Caro Meets Theatre Interview

Neil Connolly: Lamplighters

By | Published on Sunday 22 July 2018

Up next over at The Old Red Lion Theatre is a new show from interactive and immersive specialists, Rogue Productions. It’s a comedic one man show about a spy that promises to be a great experience for those who love interactive, but even those who don’t.

To find out more about the show, I spoke to the show’s performer and co-writer, Neil Connolly, who’s a bit of a legend when it comes to this sort of stuff.

CM: Right, so, this is a very interesting sounding show and I am not sure quite how to categorise it, so I will ask you: how would you categorise it?
NC: It’s interactive comedy. I’ve worked for years as a compere and improv performer, I also teach interactive theatre and improvisation to university students and for youth programmes at places like the National Theatre Education Department. Dean (Rodgers, co-writer and director) has worked for years as a games designer and theatre maker. We have combined all our skills, passions and talents to make a very silly show all about spies.

CM: And can you tell us a bit about the decision to do an immersive show in a traditional theatre space?
NC: We are theatre makers and the world of immersive is at the heart of everything we do.. Immersive can mean interactive, it can mean promenade, it can mean escape rooms, it can mean…. well, you get it, a lot of things. No one really knows what it means. I always title my shows as interactive, as that’s specific and clear.

There’s a whole community of audiences that chomp at the bit to come to our experiences, they love PunchDrunk, Shunt and anything immersive. They also don’t tend to go to traditional theatre pieces as audiences are changing. Modern audiences want to play. Not watch.

Yet there’s also a section of traditional theatre audiences who are reticent to come to shows that we do because they don’t want to interact, they don’t want to seen, they don’t want to do. They want to hide in the shadows, to spectate, to be given space to think and breathe. They always say after I invite them to shows “Can I just come and watch? I don’t want to do anything.” So we set about making a show that doesn’t compromise on our practices or ideals but is inclusive, so that the spectators can watch but join in when they are ready. And it’s up to me as a performer to draw them in and ensure they’re comfortable. I’m sort of like a Magician or Mentalist in that respect.

CM: Can you give us an idea of the story the show is based on?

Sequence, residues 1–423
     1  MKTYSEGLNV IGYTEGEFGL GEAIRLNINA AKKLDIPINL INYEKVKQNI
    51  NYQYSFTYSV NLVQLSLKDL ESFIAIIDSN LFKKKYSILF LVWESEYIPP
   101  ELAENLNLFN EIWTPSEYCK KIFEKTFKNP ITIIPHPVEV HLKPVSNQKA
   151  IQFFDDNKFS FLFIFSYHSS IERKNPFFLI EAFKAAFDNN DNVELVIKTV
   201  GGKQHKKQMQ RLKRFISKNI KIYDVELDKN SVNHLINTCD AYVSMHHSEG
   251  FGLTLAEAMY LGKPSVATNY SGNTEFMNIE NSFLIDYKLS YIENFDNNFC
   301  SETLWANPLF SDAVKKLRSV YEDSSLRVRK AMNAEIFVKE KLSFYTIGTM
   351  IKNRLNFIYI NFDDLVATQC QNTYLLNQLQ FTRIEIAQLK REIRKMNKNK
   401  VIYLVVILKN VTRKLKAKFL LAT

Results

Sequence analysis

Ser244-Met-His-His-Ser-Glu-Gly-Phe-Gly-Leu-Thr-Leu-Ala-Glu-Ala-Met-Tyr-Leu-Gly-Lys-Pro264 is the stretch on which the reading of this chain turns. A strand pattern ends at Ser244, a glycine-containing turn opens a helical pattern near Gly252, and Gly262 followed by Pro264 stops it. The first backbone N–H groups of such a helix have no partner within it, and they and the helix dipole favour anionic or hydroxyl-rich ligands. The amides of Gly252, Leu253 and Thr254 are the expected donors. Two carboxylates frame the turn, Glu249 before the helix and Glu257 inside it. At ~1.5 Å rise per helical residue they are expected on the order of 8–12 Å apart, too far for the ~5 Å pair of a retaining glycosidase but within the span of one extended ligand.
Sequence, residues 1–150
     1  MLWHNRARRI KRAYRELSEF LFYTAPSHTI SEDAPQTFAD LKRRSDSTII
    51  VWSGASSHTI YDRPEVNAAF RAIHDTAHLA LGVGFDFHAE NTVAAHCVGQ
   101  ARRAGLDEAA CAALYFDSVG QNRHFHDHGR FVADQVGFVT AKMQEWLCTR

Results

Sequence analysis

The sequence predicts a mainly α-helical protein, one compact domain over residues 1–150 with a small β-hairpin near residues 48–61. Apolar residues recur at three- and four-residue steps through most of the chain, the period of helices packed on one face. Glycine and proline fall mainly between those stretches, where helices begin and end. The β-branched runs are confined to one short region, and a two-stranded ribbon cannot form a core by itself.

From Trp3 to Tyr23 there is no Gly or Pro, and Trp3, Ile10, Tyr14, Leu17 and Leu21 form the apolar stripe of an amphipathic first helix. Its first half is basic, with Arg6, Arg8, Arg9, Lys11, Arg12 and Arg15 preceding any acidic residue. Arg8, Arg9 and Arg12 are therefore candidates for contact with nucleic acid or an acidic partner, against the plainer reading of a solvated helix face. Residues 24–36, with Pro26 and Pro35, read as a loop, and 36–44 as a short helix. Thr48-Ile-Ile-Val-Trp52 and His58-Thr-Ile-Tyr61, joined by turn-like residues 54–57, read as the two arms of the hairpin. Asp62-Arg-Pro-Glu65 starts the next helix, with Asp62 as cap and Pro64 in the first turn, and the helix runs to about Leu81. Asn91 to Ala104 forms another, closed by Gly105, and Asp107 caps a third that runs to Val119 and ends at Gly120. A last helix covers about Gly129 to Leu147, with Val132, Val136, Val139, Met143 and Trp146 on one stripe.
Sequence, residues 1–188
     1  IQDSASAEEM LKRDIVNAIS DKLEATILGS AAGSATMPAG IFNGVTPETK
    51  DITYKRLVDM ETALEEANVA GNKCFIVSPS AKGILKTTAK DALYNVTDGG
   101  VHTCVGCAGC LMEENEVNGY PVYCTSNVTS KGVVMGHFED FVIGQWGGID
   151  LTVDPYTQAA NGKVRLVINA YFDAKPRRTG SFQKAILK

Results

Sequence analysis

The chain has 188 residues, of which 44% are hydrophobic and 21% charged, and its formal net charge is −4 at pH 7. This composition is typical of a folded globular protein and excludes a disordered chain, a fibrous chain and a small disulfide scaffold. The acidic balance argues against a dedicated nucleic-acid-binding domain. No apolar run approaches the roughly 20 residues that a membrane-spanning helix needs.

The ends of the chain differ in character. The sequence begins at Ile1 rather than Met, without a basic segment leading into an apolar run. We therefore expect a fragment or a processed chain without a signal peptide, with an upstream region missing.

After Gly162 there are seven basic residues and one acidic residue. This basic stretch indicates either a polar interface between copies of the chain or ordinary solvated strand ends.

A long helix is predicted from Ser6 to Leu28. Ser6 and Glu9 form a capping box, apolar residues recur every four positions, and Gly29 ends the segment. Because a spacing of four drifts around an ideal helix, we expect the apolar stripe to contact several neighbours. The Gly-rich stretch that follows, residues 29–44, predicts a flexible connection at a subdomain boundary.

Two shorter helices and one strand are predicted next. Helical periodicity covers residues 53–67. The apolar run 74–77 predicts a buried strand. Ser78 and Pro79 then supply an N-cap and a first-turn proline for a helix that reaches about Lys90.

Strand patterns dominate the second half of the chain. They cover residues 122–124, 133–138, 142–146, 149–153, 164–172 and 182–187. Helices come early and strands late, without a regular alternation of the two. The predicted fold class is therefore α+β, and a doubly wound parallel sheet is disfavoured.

NC: Theres a new story EVERY night as I take suggestions from the audience in order shape our rough framework. The best bit is that inevitably the audience want to change the narrative to suit themselves. Or they’ll change it just for the craic!

The show is based on John Le Carré spies. Not Bond or Bourne spies. People who are fundamentally flawed, complex and believable. It’s set in the Cold War of the 1960s, so an era of cigarettes, whiskey, Europe getting used to peace, and the rise of Super Powers. There are betrayals, seductions and quite a lot of mistakes.

CM: What inspired you to create this show? What gave you the idea for it?
NC: Dean Rodgers, director of ‘Lamplighters’, approached me and asked if I was working on anything and did I want to team up. This was an instant 100% yes as Dean had the missing piece to the puzzle. Having worked in interactive and immersive theatre for years we had realised that no-one was making comedies in the form. They’re normally quite sinister and dark. Don’t get me wrong, I love it! But I was always the manipulator, the evil one, or the right hand of Satan. I wanted to make people laugh, not cry. So we set out to make ‘Lamplighters’.

With regard to the theme, my initial steps with ‘Lamplighters’ were fuelled by my obsession with the worlds of John Le Carré spies. Everyone loves spies and spy stories. They think they’re sexy and cool. Le Carré’s worlds are anything but. They’re normal people doing ordinary things, sometimes extraordinary things. I was obsessed with trying to get an audience to understand how ordinary lives can become extraordinary. I wanted them to see the real work of the intelligence community. I also wanted to prove that I could get an audience to improvise a scene on stage with me that has depth and meaning and is not all punchline based.

CM: What kind of audience members do you think it will appeal to?
NC: Comedy goers! Cabaret crowds! The immersive and alternative theatre lovers! Also makers of interactive theatre as it sets out my ideals of how we as makers should and need to interact with our audiences in order to safe-guard us and them.

It should also have great appeal for the crowds of traditional theatre goers mentioned earlier, who shy away from shows with buzzwords like interaction or immersive. Remember, at this you can sit and spectate, but you’ll quickly see that if you do volunteer, you’ll have more fun.

CM: Would you say that performing in an immersive show requires different skills than performing in more conventional work?


In every show I’m having to wear many different hats.

There’s my performers hat; which are the beats of the scene I have to hit?

There’s my writers hat: now the story is changing where can I push it or where are they going with it and how can I best facilitate that adventure?